Ceasefire called in Yemen to let in humanitarian aid until end of Ramadan

Yemeni supporters of the Shiite Houthi movement raise their weapons during a rally in the capita of Sanaa .

Story highlights

  • At least 3,000 people have died in Yemen's conflict since active violence broke out in March
  • At least 21 million people are in need of immediate humanitarian aid

Sanaa, Yemen (CNN)Warring parties in Yemen have agreed to a ceasefire of roughly a week to let in humanitarian aid. Violence has taken at least 3,000 lives there since the conflict erupted in March, according to the United Nations.

Fighting has forced at least one million residents from their homes, and at least 21 million people are in need of immediate humanitarian aid.
    The ceasefire is set to begin at 11:59 p.m. local time on Friday and ends with the close of the holy month of Ramadan in about a week. Humanitarian agencies plan to enter the country by land, sea and air to bring in food, water and medicine, including vaccines.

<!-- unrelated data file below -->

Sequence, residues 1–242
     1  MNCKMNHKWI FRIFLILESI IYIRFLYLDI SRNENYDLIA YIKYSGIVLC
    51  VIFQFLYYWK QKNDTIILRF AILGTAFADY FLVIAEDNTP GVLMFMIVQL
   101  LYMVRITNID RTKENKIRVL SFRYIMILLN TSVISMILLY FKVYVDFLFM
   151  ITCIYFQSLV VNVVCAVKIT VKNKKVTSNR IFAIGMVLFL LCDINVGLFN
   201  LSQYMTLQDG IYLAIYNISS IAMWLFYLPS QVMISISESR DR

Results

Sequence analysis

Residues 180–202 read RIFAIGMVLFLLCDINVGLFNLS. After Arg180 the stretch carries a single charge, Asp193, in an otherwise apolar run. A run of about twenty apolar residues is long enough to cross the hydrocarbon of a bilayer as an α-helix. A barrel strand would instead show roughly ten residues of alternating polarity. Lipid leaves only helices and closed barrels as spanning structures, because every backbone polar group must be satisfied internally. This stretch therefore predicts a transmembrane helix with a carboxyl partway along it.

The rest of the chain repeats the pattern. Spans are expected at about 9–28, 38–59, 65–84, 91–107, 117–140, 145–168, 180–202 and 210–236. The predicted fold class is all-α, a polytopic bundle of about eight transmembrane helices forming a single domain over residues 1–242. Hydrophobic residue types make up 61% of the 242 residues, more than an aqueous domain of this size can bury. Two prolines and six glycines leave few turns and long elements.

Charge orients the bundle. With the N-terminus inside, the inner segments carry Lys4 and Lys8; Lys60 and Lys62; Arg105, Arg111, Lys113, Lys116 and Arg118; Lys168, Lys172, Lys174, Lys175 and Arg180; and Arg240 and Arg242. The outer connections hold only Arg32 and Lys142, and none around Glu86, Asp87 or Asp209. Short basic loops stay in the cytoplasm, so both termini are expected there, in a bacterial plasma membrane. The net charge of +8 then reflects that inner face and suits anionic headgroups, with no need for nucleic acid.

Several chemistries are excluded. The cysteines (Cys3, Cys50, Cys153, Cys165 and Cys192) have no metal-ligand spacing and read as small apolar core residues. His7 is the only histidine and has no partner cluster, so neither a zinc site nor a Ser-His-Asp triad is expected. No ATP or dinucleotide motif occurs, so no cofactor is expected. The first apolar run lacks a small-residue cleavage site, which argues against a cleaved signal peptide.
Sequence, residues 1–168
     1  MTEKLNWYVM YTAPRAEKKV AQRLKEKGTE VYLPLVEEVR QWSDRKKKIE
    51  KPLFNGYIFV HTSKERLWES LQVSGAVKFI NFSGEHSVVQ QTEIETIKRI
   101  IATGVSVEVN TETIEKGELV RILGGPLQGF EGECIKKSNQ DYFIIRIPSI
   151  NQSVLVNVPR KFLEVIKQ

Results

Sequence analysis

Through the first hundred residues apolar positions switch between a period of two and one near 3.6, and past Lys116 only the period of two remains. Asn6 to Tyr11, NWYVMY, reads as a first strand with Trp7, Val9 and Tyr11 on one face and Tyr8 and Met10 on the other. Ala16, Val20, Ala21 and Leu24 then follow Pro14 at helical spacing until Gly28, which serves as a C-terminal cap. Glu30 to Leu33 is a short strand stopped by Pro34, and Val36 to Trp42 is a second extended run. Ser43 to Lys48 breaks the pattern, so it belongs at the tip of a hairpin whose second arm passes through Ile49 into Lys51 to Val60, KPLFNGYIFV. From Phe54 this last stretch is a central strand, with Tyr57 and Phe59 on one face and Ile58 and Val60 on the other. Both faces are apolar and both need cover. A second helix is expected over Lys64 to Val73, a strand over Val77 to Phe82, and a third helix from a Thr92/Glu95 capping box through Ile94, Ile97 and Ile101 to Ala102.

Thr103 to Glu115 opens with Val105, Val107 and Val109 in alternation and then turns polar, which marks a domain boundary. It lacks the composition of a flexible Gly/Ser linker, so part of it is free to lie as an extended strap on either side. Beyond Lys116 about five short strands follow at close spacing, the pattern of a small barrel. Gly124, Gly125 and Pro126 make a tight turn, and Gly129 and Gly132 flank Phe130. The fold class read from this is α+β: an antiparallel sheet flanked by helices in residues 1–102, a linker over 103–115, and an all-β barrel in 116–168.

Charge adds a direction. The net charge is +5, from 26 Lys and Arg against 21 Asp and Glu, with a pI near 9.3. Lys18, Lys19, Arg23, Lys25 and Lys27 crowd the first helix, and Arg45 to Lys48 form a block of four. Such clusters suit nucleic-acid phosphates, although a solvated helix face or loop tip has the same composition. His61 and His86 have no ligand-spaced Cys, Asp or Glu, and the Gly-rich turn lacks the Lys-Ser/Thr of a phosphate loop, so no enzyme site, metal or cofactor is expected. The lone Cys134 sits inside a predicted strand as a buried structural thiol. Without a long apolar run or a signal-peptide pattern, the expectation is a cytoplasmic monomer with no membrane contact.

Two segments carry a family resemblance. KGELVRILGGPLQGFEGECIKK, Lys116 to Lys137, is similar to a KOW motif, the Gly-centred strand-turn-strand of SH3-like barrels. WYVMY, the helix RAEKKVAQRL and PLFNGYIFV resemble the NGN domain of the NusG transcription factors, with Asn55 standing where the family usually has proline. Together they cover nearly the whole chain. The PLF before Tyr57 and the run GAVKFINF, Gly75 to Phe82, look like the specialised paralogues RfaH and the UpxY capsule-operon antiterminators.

"It is imperative and urgent that humanitarian aid can reach all vulnerable people of Yemen unimpeded and through an unconditional humanitarian pause," the U.N. said in a statement. The office of Secretary-General Ban Ki-moon said it has received assurances from both sides and from other warring parties that they will not break the ceasefire.
      The U.N. had initiated the pause in hostilities. Yemen's deposed President Abdrabuh Mansour Hadi, who fled the country after rival Houthi rebels went on the offensive, accepted the invitation in a letter to Ban.
      The Houthis have also agreed to the ceasefire, they said in a statement to CNN.
        "We hope this ceasefire brings a complete end to the Saudi aggression on Yemen. The international community must also push that the ceasefire comes along with lifting the air, water and land blockade on Yemen," said Mohammed Al Houthis, president of the Houthi Revolution Council.
        Hadi is backed by Saudi Arabia, which has led a coalition of regional powers in strikes against Houthi rebels, and other groups. The coalition has set up blockades to hinder the influx of weapons and ammunition.
          The Houthis, who are a Shiite minority, are backed by Iran, Saudi Arabia's staunch rival on the Persian Gulf. Many analysts see the conflict, at least in part, as a proxy war between the two.